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How to change symbolic link permissions on Linux?

Can I set symbolic link permissions under Linux / UNIX? How can I change symbolic link permissions?

No, you can not. If you try to execute the chmod command on a symbolic link, it will return with an error. Changing ‘filename’ permissions: Operation not allowed. This is quite logical because allowing for a symbolic connection is meaningless. Only the permission for the file referenced is important. In short, the permissions on the symbolic link mean nothing. However, we have some command line option that allows you to set or change symbolic link permissions.

The chown command line changes the user ID (UID) and group ID (GID) of the given files. Symbolic links named by arguments remain unchanged if -h is not used. Therefore, try the following syntax that affects symbolic links instead of any referenced file. This is only useful on systems that can change the ownership of a symbolic link on GNU / Linux.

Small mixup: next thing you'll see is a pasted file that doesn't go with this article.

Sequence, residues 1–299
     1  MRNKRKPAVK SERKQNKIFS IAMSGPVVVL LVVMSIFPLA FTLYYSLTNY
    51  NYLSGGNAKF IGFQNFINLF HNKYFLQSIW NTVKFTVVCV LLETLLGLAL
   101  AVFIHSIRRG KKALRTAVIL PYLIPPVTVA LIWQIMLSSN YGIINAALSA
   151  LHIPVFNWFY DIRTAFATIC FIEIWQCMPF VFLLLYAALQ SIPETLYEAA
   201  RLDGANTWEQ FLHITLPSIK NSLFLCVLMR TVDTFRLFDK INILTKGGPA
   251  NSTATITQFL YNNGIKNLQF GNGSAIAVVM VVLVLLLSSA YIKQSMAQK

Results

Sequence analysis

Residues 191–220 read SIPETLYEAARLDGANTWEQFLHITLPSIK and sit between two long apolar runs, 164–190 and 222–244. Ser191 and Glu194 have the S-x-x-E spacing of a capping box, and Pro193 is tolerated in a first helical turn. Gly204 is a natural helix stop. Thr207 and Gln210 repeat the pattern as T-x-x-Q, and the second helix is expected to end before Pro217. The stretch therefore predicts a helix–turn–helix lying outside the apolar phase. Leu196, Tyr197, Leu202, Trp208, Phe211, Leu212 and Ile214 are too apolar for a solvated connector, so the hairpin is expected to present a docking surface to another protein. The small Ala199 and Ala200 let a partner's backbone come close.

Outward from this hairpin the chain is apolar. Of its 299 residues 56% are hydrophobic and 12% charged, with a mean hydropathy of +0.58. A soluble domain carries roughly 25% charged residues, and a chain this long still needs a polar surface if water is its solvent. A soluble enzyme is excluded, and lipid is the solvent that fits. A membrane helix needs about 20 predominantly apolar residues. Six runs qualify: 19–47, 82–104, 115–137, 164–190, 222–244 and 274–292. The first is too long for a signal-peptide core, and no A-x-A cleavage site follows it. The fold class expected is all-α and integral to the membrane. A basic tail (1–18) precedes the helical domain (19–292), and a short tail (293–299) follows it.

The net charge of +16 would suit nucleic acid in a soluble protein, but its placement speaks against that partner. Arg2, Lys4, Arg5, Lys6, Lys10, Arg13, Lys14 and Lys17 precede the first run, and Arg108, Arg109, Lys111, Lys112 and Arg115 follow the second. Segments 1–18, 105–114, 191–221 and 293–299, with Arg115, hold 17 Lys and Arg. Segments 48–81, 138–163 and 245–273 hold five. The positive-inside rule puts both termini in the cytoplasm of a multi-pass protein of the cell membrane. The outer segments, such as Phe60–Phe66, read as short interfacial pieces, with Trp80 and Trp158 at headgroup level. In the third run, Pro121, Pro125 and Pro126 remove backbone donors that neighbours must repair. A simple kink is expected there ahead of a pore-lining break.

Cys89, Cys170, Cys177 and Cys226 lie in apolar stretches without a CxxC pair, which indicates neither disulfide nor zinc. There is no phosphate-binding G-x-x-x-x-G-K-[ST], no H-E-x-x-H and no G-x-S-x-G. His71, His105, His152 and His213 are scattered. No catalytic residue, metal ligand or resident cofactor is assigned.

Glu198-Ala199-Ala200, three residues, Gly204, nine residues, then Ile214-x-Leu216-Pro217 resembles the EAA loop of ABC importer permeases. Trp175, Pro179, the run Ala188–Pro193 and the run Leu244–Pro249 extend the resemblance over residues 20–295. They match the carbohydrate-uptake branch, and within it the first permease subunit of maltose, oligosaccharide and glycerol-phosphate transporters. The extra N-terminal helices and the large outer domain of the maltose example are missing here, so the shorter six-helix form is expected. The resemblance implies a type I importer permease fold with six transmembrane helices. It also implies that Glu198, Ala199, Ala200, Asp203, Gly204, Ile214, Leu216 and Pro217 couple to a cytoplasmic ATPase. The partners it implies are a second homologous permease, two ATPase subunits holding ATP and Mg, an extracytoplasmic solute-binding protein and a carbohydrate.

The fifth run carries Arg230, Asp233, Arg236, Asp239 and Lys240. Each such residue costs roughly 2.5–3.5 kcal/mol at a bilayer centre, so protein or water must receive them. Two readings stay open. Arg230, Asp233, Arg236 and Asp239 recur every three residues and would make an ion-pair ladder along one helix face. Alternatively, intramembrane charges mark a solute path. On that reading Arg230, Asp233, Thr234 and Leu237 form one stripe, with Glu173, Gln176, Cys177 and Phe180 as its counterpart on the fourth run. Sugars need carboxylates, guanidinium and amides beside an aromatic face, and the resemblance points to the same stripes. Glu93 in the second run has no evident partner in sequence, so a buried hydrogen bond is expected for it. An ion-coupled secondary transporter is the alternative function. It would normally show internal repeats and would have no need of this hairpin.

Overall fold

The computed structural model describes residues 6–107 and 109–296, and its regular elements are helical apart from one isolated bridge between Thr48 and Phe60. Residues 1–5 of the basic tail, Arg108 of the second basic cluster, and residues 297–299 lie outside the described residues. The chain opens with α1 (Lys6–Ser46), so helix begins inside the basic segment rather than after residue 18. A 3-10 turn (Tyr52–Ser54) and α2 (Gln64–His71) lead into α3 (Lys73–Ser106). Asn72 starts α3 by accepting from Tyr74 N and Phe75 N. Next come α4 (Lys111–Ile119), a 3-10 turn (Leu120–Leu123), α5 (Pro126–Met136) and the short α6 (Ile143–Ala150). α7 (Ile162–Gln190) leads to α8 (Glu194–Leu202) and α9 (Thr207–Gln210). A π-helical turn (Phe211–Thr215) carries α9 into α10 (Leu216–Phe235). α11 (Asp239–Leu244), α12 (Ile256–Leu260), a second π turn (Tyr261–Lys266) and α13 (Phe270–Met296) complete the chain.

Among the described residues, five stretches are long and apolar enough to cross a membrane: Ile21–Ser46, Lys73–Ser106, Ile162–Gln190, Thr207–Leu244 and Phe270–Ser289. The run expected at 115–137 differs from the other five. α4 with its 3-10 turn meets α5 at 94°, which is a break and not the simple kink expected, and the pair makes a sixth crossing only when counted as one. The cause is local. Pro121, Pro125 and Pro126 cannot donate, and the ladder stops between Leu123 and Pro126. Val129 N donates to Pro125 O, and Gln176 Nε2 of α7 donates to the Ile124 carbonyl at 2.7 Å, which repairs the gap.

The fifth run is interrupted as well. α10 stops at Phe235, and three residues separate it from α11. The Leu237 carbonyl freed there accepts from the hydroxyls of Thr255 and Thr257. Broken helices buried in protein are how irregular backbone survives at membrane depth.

chown -h vivek:vivek /path/to/file
chown --no-dereference username:groupname /path/to/file

Confirm this with the ls command:

ls -l filename
ls -l /path/to/link

The syntax is as follows:

chown -h user1:group1 filename
sudo chown -h www:ftpuser /var/www/html

If the file is a symbolic link, change the user ID and/or group ID of the link itself. You may need to use the sudo command or the su command to change permissions.

You want to know more read the man pages by typing the following command:

man chown
man ls

You can also see the Linux version of the chown command instructions here, and BSD/Unix version of chown here online on the FreeBSD project.

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